Things aren’t always what they seem.
Take, for instance, Thomson Memorial Prairie just south of Blue Mounds. Reconsider shrugging it off as just another field near expansive farmland, because it’s actually one of the few remaining dry prairies in Wisconsin.
I traveled there on June 4 for a field trip through The Nature Conservancy (which owns and manages over 600 acres of the prairie). TNC conservation director Steve Richter (pointing) and DNR conservation biologist Dave Sample (far left) have led the trip together for nearly 25 years.
The two experts helped point out what was pushing through the soil or flying above us. According to TNC, more than 68 species of plants grow here, and 34 species of birds nest or feed here.
And I was seeing many of them for the first time, like the little white flowers of sandwort and the silhouettes of upland sandpipers chattering overhead.
Rain had just moved through earlier in the morning, but soon the sun broke up the overcast sky and brought the prairie to life. There are no trails here, so we walked wherever we pleased.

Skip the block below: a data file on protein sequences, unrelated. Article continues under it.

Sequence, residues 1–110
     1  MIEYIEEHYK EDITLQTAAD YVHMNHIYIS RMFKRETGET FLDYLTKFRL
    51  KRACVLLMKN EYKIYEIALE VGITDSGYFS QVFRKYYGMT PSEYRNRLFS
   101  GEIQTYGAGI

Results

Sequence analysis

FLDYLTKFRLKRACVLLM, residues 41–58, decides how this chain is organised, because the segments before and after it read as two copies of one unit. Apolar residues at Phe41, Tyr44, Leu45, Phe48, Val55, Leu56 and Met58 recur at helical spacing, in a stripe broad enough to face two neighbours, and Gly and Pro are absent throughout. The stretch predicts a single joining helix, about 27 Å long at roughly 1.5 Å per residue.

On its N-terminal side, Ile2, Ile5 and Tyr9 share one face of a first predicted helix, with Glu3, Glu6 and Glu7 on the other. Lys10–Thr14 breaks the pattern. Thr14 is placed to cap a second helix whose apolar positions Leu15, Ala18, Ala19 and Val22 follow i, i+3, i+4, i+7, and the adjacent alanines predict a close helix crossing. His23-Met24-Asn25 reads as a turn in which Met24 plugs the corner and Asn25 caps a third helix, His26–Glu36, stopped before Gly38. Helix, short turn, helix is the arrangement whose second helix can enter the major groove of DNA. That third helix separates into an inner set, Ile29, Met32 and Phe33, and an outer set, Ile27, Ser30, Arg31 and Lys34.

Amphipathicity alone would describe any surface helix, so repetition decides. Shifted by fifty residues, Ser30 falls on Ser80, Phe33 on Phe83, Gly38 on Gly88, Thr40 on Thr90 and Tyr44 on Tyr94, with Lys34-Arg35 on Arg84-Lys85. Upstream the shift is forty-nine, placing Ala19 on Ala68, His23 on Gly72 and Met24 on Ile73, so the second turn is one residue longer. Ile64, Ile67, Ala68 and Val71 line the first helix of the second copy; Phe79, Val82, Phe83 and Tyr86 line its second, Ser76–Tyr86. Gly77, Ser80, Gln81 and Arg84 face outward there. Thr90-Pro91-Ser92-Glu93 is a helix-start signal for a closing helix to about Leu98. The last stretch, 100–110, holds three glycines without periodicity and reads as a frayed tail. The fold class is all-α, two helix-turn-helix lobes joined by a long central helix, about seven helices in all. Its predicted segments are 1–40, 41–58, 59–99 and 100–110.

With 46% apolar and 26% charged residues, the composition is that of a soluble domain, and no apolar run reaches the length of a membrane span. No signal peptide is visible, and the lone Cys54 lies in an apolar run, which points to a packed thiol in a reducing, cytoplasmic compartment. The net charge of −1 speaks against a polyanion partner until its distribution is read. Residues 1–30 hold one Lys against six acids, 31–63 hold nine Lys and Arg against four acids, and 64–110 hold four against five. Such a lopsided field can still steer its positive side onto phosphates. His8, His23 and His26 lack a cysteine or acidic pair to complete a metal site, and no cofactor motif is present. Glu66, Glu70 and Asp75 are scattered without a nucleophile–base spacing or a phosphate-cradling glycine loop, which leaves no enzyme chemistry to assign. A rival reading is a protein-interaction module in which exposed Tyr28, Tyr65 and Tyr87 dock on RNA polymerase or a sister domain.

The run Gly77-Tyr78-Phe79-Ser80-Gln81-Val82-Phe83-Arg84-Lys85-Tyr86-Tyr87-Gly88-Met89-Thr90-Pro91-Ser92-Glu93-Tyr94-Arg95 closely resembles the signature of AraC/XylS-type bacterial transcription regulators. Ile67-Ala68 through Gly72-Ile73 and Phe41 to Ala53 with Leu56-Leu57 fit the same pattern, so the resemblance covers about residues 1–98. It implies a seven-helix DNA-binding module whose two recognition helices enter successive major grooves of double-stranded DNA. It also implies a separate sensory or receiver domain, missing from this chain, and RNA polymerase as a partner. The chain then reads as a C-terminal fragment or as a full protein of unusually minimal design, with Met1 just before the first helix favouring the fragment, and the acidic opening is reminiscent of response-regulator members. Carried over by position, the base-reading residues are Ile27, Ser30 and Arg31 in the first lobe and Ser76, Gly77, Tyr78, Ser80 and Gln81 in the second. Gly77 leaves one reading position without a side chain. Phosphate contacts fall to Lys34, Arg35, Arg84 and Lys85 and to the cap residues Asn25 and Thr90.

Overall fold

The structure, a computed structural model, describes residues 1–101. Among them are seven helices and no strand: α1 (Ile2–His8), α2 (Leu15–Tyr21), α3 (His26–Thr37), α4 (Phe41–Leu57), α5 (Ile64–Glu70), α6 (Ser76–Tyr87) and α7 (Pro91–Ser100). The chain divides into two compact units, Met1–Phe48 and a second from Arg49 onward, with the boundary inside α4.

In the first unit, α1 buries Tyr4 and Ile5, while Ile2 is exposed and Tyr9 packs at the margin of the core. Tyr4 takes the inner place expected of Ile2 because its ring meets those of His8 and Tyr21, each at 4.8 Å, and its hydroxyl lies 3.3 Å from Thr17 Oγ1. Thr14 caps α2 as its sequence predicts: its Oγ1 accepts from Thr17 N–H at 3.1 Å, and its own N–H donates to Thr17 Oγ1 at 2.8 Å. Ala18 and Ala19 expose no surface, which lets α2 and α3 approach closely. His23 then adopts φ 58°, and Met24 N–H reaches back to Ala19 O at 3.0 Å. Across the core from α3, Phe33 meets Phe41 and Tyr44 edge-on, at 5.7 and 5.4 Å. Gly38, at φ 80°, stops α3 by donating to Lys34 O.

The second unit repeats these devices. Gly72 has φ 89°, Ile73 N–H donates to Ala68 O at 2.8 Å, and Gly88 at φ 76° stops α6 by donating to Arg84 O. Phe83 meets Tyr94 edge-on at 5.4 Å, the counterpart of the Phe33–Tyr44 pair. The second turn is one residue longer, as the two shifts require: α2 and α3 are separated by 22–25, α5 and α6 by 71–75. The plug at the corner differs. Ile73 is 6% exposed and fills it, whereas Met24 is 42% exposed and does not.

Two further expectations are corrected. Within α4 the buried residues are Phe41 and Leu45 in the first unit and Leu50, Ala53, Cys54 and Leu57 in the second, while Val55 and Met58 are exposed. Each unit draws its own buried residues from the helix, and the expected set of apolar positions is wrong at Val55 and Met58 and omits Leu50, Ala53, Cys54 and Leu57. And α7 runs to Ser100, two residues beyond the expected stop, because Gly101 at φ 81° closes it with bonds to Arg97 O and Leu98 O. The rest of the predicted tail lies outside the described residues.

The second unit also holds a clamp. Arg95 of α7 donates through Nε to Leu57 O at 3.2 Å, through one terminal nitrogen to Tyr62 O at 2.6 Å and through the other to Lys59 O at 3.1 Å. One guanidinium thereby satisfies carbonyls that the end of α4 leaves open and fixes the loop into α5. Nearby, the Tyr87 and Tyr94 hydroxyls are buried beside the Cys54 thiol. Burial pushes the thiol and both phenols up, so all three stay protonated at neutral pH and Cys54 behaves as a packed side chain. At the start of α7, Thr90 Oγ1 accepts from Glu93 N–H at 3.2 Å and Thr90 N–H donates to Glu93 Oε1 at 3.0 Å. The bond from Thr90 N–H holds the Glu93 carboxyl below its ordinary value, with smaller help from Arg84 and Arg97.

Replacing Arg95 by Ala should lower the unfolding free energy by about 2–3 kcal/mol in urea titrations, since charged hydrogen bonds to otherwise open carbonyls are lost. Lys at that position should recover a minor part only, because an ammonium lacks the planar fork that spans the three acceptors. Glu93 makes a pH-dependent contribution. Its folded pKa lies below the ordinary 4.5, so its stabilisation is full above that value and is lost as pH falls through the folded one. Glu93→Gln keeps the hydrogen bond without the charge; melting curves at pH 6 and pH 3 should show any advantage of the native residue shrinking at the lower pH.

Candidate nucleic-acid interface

Yellow seemed to be a recurring color in the prairie: from flower petals to bumblebee stripes and bobolink caps. We listened and watched for red-winged blackbirds, meadowlarks and dickcissels, which seemed to prefer a high vantage point to share their music from this well-used fence post.
Grasshopper sparrows were more difficult to track down because they tended to stay hidden in the long grass and occasionally let out a buzzing sound, just like their namesake.
But just before we left, guess who showed up on another post?
The view from the top of the hill stretched for miles, and shadows of clouds swept across the landscape. We breathed in the beauty and tried to identify dozens of plants around us.
I saw a few butterflies in the distance, but this red ladybug in a field of green caught my eye.
You don’t need a camera or pair of binoculars to enjoy the prairie. Just open your eyes and ears to the beauty around you and create your own adventure. And watch out for poison ivy.
For more photos from the day, visit my Flickr page.